Generics Should Mimic Brand Counterparts, FDA says

The FDA wants generics makers to design tablets and capsules to be similar in size and shape to their reference listed drug to ensure patient acceptance and compliance, according to final guidance issued June 18.

To avoid such issues, the agency has set parameters for how much a generic may vary from its brand counterpart. For tablets smaller than 17 mm, the generic should be no more than 20 percent larger in any single dimension or more than 40 percent larger in overall volume, the FDA says. For tablets equal to or larger than 17 mm, the generic should be no larger in volume or any single dimension.

The largest dimension of a generic tablet should not exceed 22 mm, while capsules should not exceed the standard size 00, the FDA says. The agency may allow flexibility for products that are 8 mm or smaller in their largest dimension, but efforts should be made to develop tablets and capsules that are of a similar size and shape to the RLD.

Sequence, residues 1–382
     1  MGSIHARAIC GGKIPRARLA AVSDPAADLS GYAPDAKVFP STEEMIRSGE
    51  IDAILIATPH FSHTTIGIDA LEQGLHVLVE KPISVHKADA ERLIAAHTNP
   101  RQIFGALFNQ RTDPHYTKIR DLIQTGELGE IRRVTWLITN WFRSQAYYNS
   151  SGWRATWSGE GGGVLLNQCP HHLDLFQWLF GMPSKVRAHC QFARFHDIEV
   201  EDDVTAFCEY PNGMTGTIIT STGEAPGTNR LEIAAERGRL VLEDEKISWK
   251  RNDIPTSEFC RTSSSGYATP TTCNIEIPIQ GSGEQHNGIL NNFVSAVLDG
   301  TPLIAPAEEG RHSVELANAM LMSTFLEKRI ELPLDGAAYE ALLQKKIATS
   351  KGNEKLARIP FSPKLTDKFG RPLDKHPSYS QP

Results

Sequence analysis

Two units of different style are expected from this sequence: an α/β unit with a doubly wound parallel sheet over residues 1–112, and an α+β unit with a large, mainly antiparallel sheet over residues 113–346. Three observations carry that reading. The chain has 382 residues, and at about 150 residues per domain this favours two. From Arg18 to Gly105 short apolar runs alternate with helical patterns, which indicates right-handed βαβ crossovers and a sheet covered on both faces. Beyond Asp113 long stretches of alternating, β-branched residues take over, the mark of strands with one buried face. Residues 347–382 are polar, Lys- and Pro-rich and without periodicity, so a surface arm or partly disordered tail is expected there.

Other factors generics makers should consider are the weight of the tablet or capsule, as heavier products may have faster transit times than similarly sized lighter products, and the use and composition of coatings, which may affect the ease of swallowing.

The guidance is nearly identical to a draft version released in December 2013 (Generic Line, Jan. 1, 2014). Read Size, Shape and Physical Attributes of Generic Tablets and Capsules at — Jonathon Shacat


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